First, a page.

This project required using four different warm mix technologies. "You're always better off not using additives if you don't have to," Abbey says. "The other approaches - with the exception of Gencor - require costs each time you produce a warm mix. With the Ultrafoam, there is a one-time purchase fee, a one-time installation fee, which isn't very much - and that's it. We're not buying a weekly or monthly chemical supply, and we don't have to worry about the cost of those chemicals skyrocketing in a year or two. We don't have to store those materials either." Hawbaker has seen little or no impact on its water bill. "The Gencor process does not use a significant amount of water."

  • Laydown crews appreciate the cooler temperatures. "We sell mix to customers who serve the home-owner market, and put in parking lots and driveways," Abbey says. Those customers appreciate warm mix, he says. "They really like it because in July and August, when the ambient temperature is more than 90 degrees, they get a mix that's 50 degrees cooler than traditional hot mixes." Hawbaker's own crews also appreciate the lower temperatures - among other benefits. "Besides the lower temperatures, there are fewer fumes and reduced odors."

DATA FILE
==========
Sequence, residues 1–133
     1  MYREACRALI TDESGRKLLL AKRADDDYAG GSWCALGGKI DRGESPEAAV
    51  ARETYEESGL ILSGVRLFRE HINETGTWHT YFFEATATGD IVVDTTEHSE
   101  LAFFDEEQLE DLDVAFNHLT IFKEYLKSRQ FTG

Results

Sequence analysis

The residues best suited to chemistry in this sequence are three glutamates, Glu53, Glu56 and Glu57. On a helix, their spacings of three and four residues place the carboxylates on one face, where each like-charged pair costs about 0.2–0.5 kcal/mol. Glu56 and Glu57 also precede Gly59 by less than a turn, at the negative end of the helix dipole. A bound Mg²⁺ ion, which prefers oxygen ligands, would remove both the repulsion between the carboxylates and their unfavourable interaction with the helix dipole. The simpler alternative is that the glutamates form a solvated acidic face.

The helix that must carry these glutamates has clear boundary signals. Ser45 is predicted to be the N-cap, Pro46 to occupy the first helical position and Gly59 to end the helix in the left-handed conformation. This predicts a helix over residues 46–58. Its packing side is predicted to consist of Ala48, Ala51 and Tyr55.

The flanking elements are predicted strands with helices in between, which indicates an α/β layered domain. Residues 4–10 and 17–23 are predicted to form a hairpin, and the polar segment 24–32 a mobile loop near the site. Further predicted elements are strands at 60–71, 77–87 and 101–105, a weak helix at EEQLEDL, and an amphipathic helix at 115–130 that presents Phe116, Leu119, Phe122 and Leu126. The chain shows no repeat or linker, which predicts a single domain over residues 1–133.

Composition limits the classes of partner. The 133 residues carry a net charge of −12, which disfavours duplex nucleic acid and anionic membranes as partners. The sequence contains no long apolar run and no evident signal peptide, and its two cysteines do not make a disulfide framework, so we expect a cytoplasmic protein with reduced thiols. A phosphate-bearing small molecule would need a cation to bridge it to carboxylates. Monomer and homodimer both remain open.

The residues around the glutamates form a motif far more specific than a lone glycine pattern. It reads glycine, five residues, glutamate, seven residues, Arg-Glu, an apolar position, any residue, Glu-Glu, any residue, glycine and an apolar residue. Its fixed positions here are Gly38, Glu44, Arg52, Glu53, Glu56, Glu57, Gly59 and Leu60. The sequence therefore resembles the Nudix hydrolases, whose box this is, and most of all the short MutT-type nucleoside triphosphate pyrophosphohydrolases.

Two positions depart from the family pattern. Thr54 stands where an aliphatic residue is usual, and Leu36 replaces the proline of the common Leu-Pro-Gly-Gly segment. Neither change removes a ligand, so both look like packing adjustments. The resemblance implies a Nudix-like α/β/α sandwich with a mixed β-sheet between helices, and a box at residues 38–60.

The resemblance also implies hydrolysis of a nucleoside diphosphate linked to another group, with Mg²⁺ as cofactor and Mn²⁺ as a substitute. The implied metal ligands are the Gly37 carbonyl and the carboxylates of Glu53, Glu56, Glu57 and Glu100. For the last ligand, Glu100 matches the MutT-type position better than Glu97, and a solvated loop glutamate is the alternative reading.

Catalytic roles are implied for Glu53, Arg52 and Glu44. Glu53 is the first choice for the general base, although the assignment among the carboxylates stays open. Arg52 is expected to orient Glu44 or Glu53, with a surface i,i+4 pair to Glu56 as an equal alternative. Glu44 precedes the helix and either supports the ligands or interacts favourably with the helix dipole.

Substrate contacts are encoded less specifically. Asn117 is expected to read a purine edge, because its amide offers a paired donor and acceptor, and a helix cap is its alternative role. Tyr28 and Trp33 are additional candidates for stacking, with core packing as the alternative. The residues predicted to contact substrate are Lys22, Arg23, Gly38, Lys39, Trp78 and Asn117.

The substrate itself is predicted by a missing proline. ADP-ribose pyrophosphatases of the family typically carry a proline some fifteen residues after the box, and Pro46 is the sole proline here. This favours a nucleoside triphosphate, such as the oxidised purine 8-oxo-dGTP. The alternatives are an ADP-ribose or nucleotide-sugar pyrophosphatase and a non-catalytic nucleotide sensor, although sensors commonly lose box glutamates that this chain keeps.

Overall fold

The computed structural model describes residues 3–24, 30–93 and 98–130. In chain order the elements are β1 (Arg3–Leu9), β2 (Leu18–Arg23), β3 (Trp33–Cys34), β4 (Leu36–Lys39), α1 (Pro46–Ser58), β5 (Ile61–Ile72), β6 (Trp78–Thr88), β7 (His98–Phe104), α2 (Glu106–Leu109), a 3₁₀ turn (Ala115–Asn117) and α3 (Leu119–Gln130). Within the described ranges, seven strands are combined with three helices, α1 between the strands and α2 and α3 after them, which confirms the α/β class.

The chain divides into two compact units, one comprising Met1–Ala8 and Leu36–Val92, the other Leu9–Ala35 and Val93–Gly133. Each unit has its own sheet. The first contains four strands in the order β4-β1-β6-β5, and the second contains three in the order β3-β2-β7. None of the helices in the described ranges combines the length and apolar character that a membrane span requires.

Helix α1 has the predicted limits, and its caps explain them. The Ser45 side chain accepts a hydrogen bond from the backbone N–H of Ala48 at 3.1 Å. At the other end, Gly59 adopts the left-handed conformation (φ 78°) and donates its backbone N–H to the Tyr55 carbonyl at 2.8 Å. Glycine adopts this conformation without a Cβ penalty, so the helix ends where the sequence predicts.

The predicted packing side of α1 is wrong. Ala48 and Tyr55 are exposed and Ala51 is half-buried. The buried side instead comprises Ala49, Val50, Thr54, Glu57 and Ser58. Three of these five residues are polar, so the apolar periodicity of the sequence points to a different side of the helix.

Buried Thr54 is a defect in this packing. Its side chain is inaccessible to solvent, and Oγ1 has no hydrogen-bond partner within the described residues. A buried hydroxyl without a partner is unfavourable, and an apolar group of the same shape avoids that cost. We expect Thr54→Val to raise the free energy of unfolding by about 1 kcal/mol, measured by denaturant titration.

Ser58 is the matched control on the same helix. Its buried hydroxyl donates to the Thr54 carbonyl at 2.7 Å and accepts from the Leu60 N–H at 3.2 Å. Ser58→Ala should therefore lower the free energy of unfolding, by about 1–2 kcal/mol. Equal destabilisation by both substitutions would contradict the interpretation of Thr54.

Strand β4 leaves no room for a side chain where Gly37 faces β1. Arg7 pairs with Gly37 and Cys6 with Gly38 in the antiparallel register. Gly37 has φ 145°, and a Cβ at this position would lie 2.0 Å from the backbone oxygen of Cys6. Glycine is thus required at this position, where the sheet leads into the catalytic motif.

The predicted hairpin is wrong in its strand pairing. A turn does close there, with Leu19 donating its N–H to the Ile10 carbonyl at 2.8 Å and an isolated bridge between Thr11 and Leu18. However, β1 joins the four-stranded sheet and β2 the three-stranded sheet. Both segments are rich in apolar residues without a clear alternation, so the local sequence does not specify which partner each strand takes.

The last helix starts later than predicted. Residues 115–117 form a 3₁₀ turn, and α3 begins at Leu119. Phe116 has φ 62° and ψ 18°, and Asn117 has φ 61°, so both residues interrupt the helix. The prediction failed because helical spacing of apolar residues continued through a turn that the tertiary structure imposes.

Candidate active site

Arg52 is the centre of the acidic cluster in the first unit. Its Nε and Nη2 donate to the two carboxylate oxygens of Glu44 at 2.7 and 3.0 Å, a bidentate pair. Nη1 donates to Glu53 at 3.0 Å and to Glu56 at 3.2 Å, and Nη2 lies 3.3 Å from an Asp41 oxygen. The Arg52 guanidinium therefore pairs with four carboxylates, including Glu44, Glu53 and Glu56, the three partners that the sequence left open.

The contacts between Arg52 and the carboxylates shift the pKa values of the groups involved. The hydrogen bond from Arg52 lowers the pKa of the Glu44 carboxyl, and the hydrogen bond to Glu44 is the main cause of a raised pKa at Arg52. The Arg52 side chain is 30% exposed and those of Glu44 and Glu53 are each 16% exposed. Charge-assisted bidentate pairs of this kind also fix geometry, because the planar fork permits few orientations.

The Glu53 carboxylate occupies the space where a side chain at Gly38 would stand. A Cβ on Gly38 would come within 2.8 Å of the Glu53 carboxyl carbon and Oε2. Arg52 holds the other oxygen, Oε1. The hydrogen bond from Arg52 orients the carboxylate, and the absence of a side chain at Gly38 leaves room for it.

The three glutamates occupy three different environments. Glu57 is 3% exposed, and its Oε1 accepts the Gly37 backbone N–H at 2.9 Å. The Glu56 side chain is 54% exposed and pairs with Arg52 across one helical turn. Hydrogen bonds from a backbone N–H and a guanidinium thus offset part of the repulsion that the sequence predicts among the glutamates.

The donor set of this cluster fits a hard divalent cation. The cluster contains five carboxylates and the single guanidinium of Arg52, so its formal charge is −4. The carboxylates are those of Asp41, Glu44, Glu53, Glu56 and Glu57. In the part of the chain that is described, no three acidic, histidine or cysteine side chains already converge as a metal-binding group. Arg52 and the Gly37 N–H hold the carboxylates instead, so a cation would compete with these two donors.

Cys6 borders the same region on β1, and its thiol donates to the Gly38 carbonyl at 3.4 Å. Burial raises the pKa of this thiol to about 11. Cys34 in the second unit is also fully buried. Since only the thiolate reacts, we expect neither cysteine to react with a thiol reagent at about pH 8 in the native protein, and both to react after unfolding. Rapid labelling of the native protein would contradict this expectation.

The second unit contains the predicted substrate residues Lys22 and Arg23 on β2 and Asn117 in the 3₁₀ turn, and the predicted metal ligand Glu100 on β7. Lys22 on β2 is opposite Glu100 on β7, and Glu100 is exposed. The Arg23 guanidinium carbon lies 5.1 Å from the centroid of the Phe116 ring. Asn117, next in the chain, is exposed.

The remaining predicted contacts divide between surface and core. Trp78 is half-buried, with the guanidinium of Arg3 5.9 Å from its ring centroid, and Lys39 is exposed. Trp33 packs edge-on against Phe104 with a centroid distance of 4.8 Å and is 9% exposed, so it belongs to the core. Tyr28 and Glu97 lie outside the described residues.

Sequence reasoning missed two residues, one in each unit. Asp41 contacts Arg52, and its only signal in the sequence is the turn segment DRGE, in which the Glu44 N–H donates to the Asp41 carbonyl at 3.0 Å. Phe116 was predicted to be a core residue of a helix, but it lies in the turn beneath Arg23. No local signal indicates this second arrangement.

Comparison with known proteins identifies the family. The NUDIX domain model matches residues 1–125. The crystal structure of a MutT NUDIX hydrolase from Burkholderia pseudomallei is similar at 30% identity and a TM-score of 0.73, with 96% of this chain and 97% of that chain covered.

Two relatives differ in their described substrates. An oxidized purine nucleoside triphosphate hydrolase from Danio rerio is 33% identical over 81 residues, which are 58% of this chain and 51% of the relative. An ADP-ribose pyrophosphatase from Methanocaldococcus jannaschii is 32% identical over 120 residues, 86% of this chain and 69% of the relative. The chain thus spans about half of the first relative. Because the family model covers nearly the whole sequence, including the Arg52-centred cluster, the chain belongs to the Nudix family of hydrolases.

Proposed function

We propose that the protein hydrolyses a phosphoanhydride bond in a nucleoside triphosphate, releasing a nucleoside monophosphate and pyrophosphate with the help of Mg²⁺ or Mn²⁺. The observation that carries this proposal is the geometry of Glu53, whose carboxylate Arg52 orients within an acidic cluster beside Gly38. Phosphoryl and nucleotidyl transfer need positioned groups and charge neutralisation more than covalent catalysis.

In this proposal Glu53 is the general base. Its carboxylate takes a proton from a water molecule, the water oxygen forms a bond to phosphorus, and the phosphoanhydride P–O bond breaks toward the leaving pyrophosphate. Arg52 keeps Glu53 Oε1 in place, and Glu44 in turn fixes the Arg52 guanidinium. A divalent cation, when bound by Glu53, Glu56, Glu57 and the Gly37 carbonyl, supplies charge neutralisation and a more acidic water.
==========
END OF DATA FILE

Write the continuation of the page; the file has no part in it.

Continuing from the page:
• Laydown crews don't have to be retrained to use warm mix. "In the field, we don't treat warm mix any different than hot mix," Abbey says. "No changes to good workmanship in the field or to good processes at the plant are required. There's no difference in my mind regarding the mix; you're just lowering the temperature of the mix." Warm mix leaves the plant at 240º to 260º F and typically arrives at the jobsite at a temperature of about 230º F. "It doesn't cool down as fast as hot mix," Abbey says. "It allows for an extended haul distance and compaction period."
  • Warm mix requires minimal adjustment by the staff at the plant. Installation is a simple process. "Then you start your plant. When you want to make warm mix, you flip the switch so the Ultrafoam pump starts injecting water," Abbey says. "Then you back the burner control down to lower the temperature. It's that easy."